When You Feel Burnout Doing Good in the Child Loss Community
I was a little girl in an orphanage, and in case you thought those were the things of third world countries, you’re wrong.
I was raised an orphan.
I know the story of the family struggling with fertility, deciding to open their home to an adopted child. But she’s got to be just the right one.
She can be different, but, she’s got to look like she fits in. I understood, but, I didn’t.
I didn’t, look like I fit in, I mean. I wasn’t that girl. Every year, the chances dropped exponentially, every year older, I was less and less likely to look like I could fit into their picture, their family, and more and more, the burdens outweighed the benefits of making me their chosen child. So I was passed along, and my chances passed up, and my childhood passed me by.
At fifteen, I aged out of the care provided by our government and was considered emancipated.
I learned some things with such an upbringing. I came to sense it in the air, the transition, when a family had me just long enough that they realized I was taking up the bed they longed to give their forever daughter.
Despite the best intentions of the messages you’ll hear from your church home this upcoming holiday season, it didn’t matter what gifts I might have received for Christmas. I wrote the list. The one gift I really want, the one item I really need. How does an eight year old girl decide such things? The reality was, it didn’t matter what I’d get. I liked the idea, but it didn’t have a hold on me. If it didn’t fit in the trash bag come February, it wasn’t coming with me anyway.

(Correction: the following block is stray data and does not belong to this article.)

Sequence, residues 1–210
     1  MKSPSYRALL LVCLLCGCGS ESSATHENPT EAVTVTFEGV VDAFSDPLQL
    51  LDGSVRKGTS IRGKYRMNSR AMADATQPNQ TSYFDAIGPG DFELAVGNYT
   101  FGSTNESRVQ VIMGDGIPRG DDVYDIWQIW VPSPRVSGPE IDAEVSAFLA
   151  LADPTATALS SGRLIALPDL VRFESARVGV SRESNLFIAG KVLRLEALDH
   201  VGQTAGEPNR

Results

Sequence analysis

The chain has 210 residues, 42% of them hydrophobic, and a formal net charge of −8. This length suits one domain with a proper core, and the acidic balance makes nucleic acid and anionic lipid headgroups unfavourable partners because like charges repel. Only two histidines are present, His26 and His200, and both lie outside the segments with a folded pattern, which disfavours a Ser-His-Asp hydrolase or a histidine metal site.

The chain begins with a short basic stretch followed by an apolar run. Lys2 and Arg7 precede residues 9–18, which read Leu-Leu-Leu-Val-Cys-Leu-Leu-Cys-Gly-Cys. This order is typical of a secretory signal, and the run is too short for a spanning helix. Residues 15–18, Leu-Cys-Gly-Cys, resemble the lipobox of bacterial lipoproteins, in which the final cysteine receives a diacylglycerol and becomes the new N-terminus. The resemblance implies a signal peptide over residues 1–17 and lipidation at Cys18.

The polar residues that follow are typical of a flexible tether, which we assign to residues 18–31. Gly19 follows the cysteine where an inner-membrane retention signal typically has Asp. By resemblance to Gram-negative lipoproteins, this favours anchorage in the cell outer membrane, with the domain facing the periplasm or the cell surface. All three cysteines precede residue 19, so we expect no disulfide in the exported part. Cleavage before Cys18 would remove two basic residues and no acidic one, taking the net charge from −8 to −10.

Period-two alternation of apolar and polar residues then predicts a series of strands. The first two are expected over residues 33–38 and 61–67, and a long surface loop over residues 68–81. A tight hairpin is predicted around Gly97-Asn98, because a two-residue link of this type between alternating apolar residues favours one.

I learned to be frugal, with my things, with my friendships, with my feelings.
To only hold onto the things that truly matter; to be mindful that the most important things are those that remain “on your person.”
I’ve been the mother of a child not alive for six years.
For six years, I have taken the open, raw soil that covers my child’s physical form in this earth and have shared this vulnerable space openly and plainly with and for all passersby.
I have invited you to sit at my side and I have sat at yours. I’ve wept for your losses, your many losses. I have lamented for all that has been taken from you, I have seen you, truly seen those raw and real open wounds that you’ve entrusted to share with me.
I have seen mothers, desperate to claim something precious for your own child’s sake, frantically willing to forsake all morals, all righteousness and integrity, to forfeit goodness; I have seen you steal intellectual property, I have seen you snatch what does not belong to you and claim it as your own. I know why you do it, I promise I do. I know the secret fear, I know you are painfully afraid that your child’s story will mean less if you cannot point to something tangible, productive, thriving, that manifested from his life and his death.
This journey has me weary. Weary that every goodness I give is being broken down to be replicated and repackaged, is being broken down in humiliation and rejection.